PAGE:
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1. An Introduction to Legal Aid NSW

1.1. Legal Aid NSW core policies for granting legal aid

Legal Aid NSW eligibility policy sets out the types of matters for which legal aid is available, as well as the Means Test, the Merit Test, the Availability of Funds Test and the Unpaid Contributions Test.

1.2.1 Types of legal matters for which legal aid is available

The policies set out the types of matters for which legal aid is available in criminal, family and civil matters. Each area of law also includes the policies for Legal Aid NSW specialist areas of work.

The policies relating to the types of matters are covered in the following chapters:

1.2.2 Means Test

The Means Test is used to assess an applicant's financial position and accordingly, the amount of contribution the legal aid applicant will be asked to make towards the cost of providing the legal service.

1.2.3 Merit Test

The Merit Test requires Legal Aid NSW to consider, among other criteria, whether the applicant's matter has reasonable prospects of success and whether providing legal assistance will benefit an applicant and promote the public interest.

1.2.4 Availability of Funds Test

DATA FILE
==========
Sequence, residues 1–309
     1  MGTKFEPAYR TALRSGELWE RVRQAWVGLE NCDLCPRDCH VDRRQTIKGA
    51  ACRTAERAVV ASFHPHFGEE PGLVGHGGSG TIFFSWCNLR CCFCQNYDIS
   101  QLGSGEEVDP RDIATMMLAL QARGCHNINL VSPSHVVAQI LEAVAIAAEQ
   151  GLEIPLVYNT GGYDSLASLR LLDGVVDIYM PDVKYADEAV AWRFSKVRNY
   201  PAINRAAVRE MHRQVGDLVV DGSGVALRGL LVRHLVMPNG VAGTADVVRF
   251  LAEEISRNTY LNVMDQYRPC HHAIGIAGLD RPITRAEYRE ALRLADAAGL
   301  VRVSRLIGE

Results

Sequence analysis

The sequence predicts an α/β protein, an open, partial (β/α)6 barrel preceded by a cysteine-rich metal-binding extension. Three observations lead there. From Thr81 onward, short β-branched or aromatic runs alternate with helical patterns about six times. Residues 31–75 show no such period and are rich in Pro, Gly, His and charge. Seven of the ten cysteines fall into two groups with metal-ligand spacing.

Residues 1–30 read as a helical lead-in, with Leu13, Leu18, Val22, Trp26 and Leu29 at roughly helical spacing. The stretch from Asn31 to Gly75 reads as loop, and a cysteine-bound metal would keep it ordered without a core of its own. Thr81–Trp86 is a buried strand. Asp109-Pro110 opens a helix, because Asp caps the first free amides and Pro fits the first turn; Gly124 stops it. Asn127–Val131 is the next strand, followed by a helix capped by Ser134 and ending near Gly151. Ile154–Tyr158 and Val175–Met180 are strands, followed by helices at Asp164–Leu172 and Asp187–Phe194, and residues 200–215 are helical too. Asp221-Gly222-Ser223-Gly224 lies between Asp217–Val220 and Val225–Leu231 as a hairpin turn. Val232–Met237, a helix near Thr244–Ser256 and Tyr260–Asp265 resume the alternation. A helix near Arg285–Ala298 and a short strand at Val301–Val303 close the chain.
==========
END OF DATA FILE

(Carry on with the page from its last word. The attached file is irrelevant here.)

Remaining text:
Legal aid will only be granted if Legal Aid NSW considers that there are sufficient funds available for the applicant's matter. This policy is set out in the Availability of Funds Test chapter.

1.2.5 Other policies relevant to the grant of legal aid

The other policy chapters in Policy Online need to be considered once Legal Aid NSW has decided whether to grant legal aid or not.

  • The Contributions chapter sets out how Legal Aid NSW expects legally assisted persons to contribute to the cost of assisting them and how these costs are recovered.
  • The chapter relating to appeals deals with the process of appealing to the Legal Aid Review Committees against a decision not to grant legal aid or to impose conditions on a grant of aid.
  • The chapter on Representation sets out Legal Aid NSW policy on allocating legal work between private legal practitioners and in-house legal practitioners, including the Public Defender's Office.
  • The chapter on Costs and Fees sets out some of the requirements and powers under the Act that relate to costs, for example the power Legal Aid NSW has to defer payment of costs to private practitioners in certain circumstances or the power to direct a legally aided person to pay costs recovered to Legal Aid NSW.
  • The chapter on the Legal Aid Commission Act 1979 (NSW) (the Act) provides commentary on the Act, how certain provisions are interpreted and relevant case law that has discussed provisions of the Act.

Date Last Published: 09/01/2017